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MOTHS, AMY JOHNSON AND
GEOFFREY DE HAVILLAND
The theme of flight runs through much of our programme, just as it did through Amy Johnson’s life. But we are also fascinated by other forms of flight, not least the flight of insects such as the moth. The moth has a very special place in aviation history because Geoffrey de Havilland, a pioneering aircraft engineer, designer and manufacturer was also a lepidopterist from a very early age. It was his passion for moths that lead him to name many of his planes after these insects!
The de Havilland Moths were a series of light aircraft, sports planes and military trainers designed by Geoffrey de Havilland. In the late 1920s and 1930s they were the most common civil aircraft flying in Britain and during that time every light aircraft flying in the UK was commonly referred to as a ‘Moth’, regardless if it was de Havilland-built or not.
The first Moth was the DH.60 – a straight-winged two-seater bi-plane. To enable storing the plane in small spaces, the DH.60’s wings could fold backwards against the fuselage, “Like a moth” remarked Geoffrey de Havilland, an avid lepidopterist and so the plane was nicknamed Moth from the drawing board on. The Moth was also one of the first light aircraft to be mass-produced and was available to a much wider section of the general public than previous aircraft designs.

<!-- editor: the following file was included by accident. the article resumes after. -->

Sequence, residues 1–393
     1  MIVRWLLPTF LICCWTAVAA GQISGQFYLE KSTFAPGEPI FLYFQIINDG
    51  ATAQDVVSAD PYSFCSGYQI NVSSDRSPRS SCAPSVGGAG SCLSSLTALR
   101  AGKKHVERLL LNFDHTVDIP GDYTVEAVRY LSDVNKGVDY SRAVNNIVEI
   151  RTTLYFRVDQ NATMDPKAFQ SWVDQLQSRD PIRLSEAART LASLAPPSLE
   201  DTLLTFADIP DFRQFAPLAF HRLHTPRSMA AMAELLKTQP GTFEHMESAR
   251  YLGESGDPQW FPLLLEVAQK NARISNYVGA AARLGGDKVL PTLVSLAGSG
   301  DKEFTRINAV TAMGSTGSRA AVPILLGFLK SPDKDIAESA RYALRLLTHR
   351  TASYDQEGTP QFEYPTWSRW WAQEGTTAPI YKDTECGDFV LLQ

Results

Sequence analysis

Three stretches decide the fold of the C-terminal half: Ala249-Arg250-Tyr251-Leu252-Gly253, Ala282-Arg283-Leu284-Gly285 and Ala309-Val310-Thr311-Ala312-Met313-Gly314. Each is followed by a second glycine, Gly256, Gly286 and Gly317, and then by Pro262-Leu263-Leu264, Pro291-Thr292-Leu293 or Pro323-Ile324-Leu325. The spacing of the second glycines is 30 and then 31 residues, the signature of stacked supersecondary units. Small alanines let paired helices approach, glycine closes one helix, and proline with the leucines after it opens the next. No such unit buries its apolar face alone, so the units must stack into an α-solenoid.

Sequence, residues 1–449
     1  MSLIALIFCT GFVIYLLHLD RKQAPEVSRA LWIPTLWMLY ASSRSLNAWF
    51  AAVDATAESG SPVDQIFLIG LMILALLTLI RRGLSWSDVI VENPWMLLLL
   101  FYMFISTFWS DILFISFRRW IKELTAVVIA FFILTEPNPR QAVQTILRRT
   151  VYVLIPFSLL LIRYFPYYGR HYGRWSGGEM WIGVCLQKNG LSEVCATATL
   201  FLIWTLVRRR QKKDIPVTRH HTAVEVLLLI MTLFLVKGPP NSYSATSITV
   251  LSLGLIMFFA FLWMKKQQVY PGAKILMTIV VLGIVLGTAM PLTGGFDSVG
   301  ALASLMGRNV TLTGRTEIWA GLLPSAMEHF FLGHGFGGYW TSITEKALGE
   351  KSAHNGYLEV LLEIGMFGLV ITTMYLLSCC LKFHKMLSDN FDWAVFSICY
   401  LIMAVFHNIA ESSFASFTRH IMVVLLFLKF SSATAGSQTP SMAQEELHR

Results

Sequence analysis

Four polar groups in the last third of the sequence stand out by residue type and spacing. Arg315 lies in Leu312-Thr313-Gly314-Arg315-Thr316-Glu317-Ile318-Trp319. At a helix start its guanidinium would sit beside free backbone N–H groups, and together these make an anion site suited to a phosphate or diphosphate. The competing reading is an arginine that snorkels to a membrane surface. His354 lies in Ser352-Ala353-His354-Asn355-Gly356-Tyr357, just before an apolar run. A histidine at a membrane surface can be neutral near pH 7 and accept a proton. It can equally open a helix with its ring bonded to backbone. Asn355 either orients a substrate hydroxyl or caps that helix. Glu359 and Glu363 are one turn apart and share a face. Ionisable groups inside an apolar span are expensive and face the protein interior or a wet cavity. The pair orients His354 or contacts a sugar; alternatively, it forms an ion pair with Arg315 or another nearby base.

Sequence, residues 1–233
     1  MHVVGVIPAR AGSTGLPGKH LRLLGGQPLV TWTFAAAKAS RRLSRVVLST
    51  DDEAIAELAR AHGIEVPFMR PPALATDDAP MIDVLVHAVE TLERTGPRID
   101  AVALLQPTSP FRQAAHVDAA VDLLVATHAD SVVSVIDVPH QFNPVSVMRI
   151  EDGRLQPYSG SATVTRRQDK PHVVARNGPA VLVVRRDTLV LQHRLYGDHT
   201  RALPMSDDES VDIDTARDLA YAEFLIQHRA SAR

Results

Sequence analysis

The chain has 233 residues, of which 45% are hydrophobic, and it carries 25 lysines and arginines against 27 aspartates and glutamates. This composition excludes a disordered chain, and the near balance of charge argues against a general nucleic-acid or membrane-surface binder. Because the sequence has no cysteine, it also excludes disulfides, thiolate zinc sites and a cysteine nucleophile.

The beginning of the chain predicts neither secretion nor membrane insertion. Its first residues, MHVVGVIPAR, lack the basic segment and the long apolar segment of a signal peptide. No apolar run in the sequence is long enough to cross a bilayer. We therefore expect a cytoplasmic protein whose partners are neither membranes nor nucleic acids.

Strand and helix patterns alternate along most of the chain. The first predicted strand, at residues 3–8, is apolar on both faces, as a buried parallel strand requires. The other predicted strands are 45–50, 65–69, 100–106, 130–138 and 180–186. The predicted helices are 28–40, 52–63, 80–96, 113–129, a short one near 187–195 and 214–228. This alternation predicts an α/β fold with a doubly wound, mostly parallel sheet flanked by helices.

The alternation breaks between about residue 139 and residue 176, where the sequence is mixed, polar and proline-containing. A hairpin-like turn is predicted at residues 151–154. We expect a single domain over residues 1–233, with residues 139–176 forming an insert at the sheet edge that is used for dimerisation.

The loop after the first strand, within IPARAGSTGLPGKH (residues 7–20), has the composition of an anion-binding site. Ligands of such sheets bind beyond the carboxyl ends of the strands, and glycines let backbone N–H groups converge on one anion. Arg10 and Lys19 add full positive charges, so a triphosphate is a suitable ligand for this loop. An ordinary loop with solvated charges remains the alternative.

First variations of the name began with changes in the engine used for the DH.60. Early variants included the Hermes Moth, Genet Moth and Gipsy Moth (which Amy flew to Audstralia). As the DH.60 became more and more popular, de Havilland decided to cash in on the fame of the original by giving each of his new designs a name ending with Moth.
First of them was the DH.61, a giant 5-passenger biplane aptly called Giant Moth. Other Moths include the Leopard Moth and Hornet Moth cabin biplanes, the Puss Moth cabin monoplane and the Moth Minor low-wing two-seater. The most famous of the moths however, if nothing then for sheer numbers, is the DH.62 Tiger Moth, a biplane trainer used during World War II in Britain and the aircraft on which all World War II RAF pilots learned to fly.
Here is a detailed list of the various de Havilland aircraft using the name Moth:
|Name||Serial||Type||Moth named after|
|Moth, Gipsy Moth and Moth Major||DH.60||biplane||Lymantria dispar|
|Giant Moth||DH.61||biplane, 8 passengers|
|Tiger Moth Racer||DH.71||monoplane||some of the Arctiinae (erebid moths)|
|Hawk Moth||DH.75||monoplane, 4 seats||some of the Sphingidae|
|Puss Moth||DH.80A||monoplane||Megalopyge opercularis or Cerura vinula|
|Tiger Moth||DH.82||biplane||some of the Arctiinae (erebid moths)|
|Fox Moth||DH.83||biplane||Macrothylacia rubi|
|Leopard Moth||DH.85||monoplane||Zeuzera pyrina or Hypercompe scribonia|
|Hornet Moth||DH.87||biplane||Sesia apiformis|